(Daren Dean): WHAT INSPIRES AND INFLUENCES YOUR WRITING THE MOST?
(Steph Post): You know the old saying, “write what you know?” Well, I’ve always believed in writing what you Want to know. I think there are certain elements in my novels that have been influenced by my Florida surroundings, by my complicated relationship with family and the idea of family, by my own personal experiences, but if that’s all I wrote about it, I would get bored pretty quickly. And being bored is a very dangerous thing for me. So I write about things that I want to learn about, things I’m interested in, and emotions and scenarios that I want to explore. That could be criminal families, such as in my new novel Lightwood (January 2017), or it could be carnivals, mythology, occult religions and polar exploration (a few of the things I’ve been researching and writing about over the past year).
(Daren Dean): DO YOU HAVE AN AGENT? IF SO, HOW DID YOU FIND HIM/HER?
(Steph Post): I do have an agent- the wonderful Jeff Ourvan of the Jennifer Lyons Literary Agency. And honestly, I found him the old fashioned way by sending out query letters. He expressed an interest in Lightwood, we spoke and clicked immediately. I believe that in his first, brief email to me he simply told me that the novel kicked ass and he wanted to represent me. It was my kind of language….
(Daren Dean): WHAT SURPRISED YOU MOST ABOUT THE PUBLISHING PROCESS?
(Steph Post): It’s grueling. I decided to get serious about writing four years ago and I think that at the time I had no real idea of what to expect. I tend to learn things the hard way, though, and so I just started fighting and blindly clawing my way up. Fortunately, right around the time that my first novel, A Tree Born Crooked, was set to debut, I became friends with some amazing authors who selflessly helped me along the way. Folks such as Anthony Breznican, Will Chancellor and Taylor Brown (and many others) offered invaluable advice and kept me grounded. I can be a bit of a loner at times and I was wonderfully surprised by how welcoming the literary community can be.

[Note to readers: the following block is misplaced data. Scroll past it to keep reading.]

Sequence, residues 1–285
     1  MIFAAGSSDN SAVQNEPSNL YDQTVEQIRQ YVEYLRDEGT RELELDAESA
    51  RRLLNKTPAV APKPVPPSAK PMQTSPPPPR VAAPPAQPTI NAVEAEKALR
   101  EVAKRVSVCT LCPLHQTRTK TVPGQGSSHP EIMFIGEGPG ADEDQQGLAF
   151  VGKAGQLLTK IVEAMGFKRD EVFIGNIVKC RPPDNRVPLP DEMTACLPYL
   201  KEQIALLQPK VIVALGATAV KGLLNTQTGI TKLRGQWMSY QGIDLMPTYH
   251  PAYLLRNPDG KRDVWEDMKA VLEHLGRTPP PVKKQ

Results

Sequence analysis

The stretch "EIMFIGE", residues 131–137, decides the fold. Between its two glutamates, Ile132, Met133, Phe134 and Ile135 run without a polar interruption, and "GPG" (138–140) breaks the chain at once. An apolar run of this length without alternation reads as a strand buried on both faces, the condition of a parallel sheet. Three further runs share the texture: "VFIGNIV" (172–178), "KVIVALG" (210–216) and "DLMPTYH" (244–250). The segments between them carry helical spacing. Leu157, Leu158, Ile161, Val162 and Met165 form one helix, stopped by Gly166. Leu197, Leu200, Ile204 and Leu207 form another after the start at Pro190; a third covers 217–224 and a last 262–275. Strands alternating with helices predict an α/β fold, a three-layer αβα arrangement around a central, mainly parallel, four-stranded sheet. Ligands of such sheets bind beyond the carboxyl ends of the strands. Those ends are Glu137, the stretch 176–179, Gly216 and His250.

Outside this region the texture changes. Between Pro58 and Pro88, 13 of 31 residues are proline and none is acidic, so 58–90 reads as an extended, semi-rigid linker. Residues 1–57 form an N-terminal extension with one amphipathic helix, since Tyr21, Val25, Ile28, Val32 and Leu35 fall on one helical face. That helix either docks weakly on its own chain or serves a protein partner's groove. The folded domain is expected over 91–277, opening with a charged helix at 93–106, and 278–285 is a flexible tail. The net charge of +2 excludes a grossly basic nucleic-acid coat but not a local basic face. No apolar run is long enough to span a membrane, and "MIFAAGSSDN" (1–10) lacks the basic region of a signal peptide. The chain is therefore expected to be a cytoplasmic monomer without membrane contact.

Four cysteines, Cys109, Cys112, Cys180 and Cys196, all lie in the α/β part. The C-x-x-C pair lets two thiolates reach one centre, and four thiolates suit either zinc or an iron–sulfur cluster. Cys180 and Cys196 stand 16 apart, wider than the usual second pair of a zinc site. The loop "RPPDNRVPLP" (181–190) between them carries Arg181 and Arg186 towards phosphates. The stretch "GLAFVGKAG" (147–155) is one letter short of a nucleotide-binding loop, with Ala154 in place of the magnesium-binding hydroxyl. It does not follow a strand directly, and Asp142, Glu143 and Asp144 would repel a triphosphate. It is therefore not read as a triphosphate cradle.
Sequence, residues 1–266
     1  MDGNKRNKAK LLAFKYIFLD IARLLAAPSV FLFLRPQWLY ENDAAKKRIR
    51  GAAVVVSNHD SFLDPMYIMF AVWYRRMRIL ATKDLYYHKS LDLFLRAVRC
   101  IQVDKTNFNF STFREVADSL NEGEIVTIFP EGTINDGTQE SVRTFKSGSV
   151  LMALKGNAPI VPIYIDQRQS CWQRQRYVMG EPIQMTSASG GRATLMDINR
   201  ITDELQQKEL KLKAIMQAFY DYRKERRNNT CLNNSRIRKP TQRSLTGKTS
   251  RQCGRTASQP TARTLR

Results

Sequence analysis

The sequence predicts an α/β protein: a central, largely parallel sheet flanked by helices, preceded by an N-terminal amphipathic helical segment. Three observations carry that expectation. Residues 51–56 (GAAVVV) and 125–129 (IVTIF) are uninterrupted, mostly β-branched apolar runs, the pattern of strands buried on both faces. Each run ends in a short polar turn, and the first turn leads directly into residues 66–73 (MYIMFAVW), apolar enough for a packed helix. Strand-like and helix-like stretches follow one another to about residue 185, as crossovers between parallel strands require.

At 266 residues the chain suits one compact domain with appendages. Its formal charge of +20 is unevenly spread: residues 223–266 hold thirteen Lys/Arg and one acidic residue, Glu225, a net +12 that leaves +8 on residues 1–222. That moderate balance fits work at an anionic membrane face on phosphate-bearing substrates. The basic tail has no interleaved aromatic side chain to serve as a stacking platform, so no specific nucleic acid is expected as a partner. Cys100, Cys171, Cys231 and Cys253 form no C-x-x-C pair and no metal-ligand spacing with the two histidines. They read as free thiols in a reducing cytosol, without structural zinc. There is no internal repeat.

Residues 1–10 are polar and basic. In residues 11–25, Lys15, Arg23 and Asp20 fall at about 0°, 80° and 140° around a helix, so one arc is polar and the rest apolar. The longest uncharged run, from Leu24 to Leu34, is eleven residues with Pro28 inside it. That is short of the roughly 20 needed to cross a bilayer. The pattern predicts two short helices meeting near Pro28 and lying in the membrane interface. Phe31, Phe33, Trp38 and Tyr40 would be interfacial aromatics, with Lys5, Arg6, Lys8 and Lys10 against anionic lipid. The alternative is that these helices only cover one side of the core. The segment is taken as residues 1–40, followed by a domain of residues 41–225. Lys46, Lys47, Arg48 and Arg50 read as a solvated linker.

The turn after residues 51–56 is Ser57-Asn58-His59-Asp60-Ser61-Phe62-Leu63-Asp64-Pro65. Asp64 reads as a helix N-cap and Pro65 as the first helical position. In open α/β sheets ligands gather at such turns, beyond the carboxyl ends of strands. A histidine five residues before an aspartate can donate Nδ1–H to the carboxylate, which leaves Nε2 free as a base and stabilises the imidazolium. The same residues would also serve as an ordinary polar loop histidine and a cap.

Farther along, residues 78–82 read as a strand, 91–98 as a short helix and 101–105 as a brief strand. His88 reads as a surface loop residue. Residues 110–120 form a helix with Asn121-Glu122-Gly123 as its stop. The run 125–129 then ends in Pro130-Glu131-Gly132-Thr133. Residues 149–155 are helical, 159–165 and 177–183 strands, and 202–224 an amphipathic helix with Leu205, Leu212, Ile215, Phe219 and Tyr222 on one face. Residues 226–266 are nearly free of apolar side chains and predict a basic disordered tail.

(Daren Dean): DO YOU MARKET YOURSELF? WHAT (SPECIFICALLY) DO YOU DO TO BUILD/MAINTAIN YOUR READERSHIP?
(Steph Post): I think that at this point in the business, every author has to market themselves in some way or another. I don’t know that I’m the best at it (okay, I don’t know what I’m doing half the time when it comes to marketing), but there are two things I try to always keep in mind.
First of all, your readers are everything. I know that sounds obvious, but transitioning from writer to author, from the closed door environment to the open door one, to borrow a metaphor from Stephen King, is tricky. But if you aren’t interested in your readers, if you don’t care about them and respect them, then why bother to be published at all? So, I think authors need to respect their readers in every way: respond to their emails, engage them, reach out at readings and for God’s sake, thank them.
Second, you need to engage with other authors. Work for them, promote them, champion their work as much or more as you do your own. None of us are alone on this hamster wheel we call the publishing industry and I do Not believe that there is only so much success go to around. If authors support one another, they do better. It’s as simple as that.
(Daren Dean): BASED ON YOUR EXPERIENCES IN THE INDUSTRY, WHAT ADVICE CAN YOU OFFER WRITERS?
(Steph Post): Writing is work. It’s a beast and you should never forget that you are often alone in a room with a wild animal. And still, writing is often the easy part. When it comes to navigating the industry, I’d have to say that perseverance is right up there with hard work. The only way that you can ever succeed is to put yourself out there. Of course, you’re going to get hurt. You’re going to get rejections. You’re going to feel like a miserable failure. You’re going to cry. The trick is to be aware that you’re going to face all of that, and probably much more, and then still keep going. It will be worth it.